Tonkean, a San Francisco-based robotic automation and management platform for workflows, raised $7.2 million in seed funding. Foundation Capital led, and was joined by Magma Venture Partners and Slow Ventures. http://axios.link/LYTZ

Speechmatics, a UK-based developer of speech recognition software, raised £6.35 million in Series A funding. AlbionVC led, and was joined by IQ Capital. http://axios.link/QRsN

E.fundamentals, a UK-based ecommerce analytics startup, raised £5.3 million. Maven Capital Partners led, and was joined by Downing Ventures and Scottish Enterprise. http://axios.link/oRJ3

Taskade, a cross-platform workplace collaboration tool, raised $5 million in seed funding from Grishin Robotics and YC. http://axios.link/J1aS

HowNow, a UK-based workforce learning platform, raised £2.4 million in seed funding led by Fuel Ventures. http://axios.link/lSui

Private Equity Deals

Granite Creek Capital Partners and Red Arts Capital agreed to buy Sunset Pacific Transportation, a Chino, Calif.-based logistics company for oversized, heavy, or fragile cargo. www.sunsetpacific.com

🚑 H.I.G. Capital agreed to acquire and merge European wheelchair manufacturers Meyra Group and Alu Rehab.

Public Offerings

Banco BMG, a mid-sized Brazilian lender, raised $396 million in an IPO. http://axios.link/JcLA

C&A Modas, the Brazilian unit of Dutch fast-fashion retailer C&A, plans to raise $446 million in an IPO, per Reuters. http://axios.link/FzZm

🚑 Cabaletta Bio, a Radnor, Penn.-based developer of T-cell therapies for autoimmune diseases, raised $75 million in its IPO. The pre-revenue company priced 6.8 million shares at $11, versus plans to sell 5.8 million shares at $14-$16, and has an initial market cap of $272 million. It will list on the Nasdaq (CABA) with Morgan Stanley as lead underwriter, and had raised $88 million in VC funding from firms like 5AM Ventures (19% pre-IPO stake), Adage Capital (19%), Baker Brothers (19%), Boxer Capital (5.5%), and Deerfield Management (5.5%). www.cabalettabio.com

Jinghu Expressway Railway, a high-speed railway connecting Beijing and Shanghai, filed with Chinese regulators for an IPO. http://axios.link/K99v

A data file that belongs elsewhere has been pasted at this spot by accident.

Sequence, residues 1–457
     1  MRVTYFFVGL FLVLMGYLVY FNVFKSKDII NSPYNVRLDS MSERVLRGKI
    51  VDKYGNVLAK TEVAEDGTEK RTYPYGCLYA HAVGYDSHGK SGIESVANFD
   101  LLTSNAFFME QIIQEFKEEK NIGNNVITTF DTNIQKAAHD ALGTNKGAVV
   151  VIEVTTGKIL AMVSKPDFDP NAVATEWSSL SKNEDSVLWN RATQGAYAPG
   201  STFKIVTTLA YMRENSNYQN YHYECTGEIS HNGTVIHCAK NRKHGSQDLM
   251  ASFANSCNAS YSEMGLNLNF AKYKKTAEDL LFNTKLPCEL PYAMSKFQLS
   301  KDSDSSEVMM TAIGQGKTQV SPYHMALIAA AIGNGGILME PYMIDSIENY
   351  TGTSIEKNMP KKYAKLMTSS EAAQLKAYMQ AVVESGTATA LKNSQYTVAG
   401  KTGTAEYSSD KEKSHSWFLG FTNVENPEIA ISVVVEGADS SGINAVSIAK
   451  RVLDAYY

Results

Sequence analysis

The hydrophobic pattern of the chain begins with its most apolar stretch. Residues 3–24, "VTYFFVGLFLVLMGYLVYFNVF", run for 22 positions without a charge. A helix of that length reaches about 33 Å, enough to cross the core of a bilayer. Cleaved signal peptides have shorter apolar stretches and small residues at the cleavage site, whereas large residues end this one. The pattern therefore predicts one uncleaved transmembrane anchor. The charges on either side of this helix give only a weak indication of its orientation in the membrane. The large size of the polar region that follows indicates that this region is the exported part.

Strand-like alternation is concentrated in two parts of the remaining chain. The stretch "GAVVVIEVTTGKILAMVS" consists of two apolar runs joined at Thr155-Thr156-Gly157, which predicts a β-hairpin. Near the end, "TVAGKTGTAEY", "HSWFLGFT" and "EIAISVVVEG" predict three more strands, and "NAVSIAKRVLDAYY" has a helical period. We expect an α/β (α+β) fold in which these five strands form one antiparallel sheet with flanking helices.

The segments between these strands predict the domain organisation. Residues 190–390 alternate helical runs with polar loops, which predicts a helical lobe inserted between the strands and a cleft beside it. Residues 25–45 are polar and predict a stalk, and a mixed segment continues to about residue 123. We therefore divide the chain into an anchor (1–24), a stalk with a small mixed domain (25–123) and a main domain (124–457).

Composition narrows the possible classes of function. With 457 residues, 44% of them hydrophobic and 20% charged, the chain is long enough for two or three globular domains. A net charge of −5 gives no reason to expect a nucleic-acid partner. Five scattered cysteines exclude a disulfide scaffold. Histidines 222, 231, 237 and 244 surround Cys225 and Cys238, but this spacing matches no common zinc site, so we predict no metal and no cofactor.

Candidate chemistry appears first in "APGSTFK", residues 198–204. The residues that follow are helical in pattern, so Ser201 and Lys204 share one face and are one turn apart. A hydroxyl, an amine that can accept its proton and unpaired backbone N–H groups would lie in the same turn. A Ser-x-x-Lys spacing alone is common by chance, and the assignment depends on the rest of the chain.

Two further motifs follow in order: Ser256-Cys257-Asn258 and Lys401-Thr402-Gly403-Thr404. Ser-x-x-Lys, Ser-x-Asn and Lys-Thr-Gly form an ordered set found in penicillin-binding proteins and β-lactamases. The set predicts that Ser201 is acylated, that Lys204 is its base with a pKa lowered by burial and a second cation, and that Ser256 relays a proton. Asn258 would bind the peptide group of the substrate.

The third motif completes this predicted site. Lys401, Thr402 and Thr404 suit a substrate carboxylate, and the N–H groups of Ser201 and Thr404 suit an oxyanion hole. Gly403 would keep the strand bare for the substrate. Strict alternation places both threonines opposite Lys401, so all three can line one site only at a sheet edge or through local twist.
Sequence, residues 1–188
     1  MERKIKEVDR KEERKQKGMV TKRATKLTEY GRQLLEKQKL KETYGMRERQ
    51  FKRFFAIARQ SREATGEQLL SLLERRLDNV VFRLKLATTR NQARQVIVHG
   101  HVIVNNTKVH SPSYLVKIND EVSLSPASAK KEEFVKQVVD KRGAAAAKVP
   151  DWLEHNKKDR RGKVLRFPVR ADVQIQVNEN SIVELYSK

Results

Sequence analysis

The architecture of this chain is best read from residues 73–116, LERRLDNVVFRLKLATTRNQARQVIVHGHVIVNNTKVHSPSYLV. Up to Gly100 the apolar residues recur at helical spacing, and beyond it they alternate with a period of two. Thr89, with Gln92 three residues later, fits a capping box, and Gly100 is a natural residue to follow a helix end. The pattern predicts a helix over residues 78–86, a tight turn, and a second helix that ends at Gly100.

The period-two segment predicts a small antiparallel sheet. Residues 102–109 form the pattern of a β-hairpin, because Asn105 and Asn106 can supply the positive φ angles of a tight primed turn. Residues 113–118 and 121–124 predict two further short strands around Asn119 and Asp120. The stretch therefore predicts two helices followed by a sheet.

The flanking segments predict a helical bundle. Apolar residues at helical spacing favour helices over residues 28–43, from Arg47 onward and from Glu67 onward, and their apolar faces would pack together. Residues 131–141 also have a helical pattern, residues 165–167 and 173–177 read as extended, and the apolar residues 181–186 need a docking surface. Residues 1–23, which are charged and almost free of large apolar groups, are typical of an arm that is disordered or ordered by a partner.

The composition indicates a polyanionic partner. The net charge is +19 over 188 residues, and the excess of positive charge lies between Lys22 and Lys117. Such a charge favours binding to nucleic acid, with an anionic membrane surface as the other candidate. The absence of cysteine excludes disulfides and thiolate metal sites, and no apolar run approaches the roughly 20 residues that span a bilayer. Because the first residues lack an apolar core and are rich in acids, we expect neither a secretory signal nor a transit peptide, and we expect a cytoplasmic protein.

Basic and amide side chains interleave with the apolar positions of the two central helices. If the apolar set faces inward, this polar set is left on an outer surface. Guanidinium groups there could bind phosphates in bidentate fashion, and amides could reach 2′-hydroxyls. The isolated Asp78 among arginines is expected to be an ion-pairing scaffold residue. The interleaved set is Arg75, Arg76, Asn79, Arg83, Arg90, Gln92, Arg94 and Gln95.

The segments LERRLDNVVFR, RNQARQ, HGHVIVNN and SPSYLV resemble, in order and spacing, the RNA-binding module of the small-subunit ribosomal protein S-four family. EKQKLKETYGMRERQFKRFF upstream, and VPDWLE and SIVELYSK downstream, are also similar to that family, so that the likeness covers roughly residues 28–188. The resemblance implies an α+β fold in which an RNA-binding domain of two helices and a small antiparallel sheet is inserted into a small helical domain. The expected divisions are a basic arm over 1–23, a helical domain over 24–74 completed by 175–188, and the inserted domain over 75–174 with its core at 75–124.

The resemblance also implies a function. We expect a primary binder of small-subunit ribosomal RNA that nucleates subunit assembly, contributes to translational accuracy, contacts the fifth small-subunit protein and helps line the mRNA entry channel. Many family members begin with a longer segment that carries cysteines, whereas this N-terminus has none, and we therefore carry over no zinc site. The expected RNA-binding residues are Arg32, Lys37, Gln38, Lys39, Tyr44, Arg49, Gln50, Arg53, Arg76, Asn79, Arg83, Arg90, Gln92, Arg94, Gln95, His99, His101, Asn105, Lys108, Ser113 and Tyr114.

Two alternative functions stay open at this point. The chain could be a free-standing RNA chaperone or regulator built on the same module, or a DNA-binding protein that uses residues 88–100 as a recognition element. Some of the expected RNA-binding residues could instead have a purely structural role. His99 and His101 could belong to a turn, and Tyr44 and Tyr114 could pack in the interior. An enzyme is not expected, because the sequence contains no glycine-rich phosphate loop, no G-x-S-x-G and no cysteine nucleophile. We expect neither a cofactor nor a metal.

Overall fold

Newlat, an Italian foods group, raised €74 million in its Milan IPO, pricing shares at the low end of their prospective range. http://axios.link/KN20

🚑 Phathom Pharma, a Buffalo Grove, Ill.-based developer of drugs for GI diseases, raised $182 million in its IPO. It priced 9.6 million shares at $19, versus plans to offer 7.9 million at $18-$20, for an initial market cap of $650 million. The pre-revenue company will trade on the Nasdaq (PHAT) with Goldman Sachs as lead underwriter, and had raised $90 million in VC funding from firms like Frazier Life Sciences (41% pre-IPO stake), Takeda (9.1%), Medicxi, Abingworth Management, Greenspring Associates, Sahsen Ventures, Richard King Mellon Foundation, Janus Henderson Group, BVF Partners, and RA Capital Management. www.phathompharma.com

🚑 Progyny, a New York-based provider of employee fertility benefits programs, raised $130 million in its IPO. The company priced 10 million shares at $13 (below $14-$16 range), for a fully-diluted market value of $1.3 billion. It will trade on the Nasdaq (PGNY) with JPMorgan as lead underwriter, and reports $4 million of net income on $103 million in revenue for the first half of 2019. Progyny had raised around $100 million in VC funding from firms like TPG Biotech (27.2% pre-IPO stake), Kleiner Perkins (25.6%), S.R. One (13.9%), and Merck Ventures (6.4%). www.progyny.com

Liquidity Events

Ardian is seeking a buyer for D&B Audiotechnik, a German maker of professional-grade loudspeakers that could fetch over 600 million, per Reuters. http://axios.link/9ZF3

EQT Partners is seeking a buyer for German facilities manager Apleona, which it acquired in 2016 for €1.4 billion, per Reuters. http://axios.link/VLeK

Kerogen Capital hired Citigroup to find a buyer for North Sea energy group Zennor Petroleum, which could fetch around $750 million, per Reuters. http://axios.link/RtDo

Stellex Capital Management completed its $352 million sale of Morbark, a Winn, Mich.-based maker of equipment for the forestry and biomass markets, to Alamo Group (NYSE: ALG).

More M&A

Third Point, the hedge fund led by Dan Loeb, disclosed a $700 million stake in Paris-based eyeglass conglomerate EssilorLuxottica, saying that it’s seeking to help “accelerate leadership transitions.” http://axios.link/bq35

Fundraising

The Carlyle Group raised €6.4 billion for its fifth European buyout fund. http://axios.link/DgGr

Elbrus Capital, a Russia and CIS-focused private equity firm, is raising $600 million for its third fund, per PE International. http://axios.link/UMdv

It's Personnel

• Seema Hingorani, former chief investment officer for the NYC Retirement Systems and founder of nonprofit Girls Who Invest, joined Morgan Stanley as a managing director in its asset management unit. She previously was CIO for venture firm SevenStep Capital. http://axios.link/2yi2

B.V. Krishnan stepped down as head of KKR’s India credit unit, per Bloomberg. http://axios.link/0WQj

Final Numbers
Source: Refinitiv. Data through 10/24/19.
Dan Primack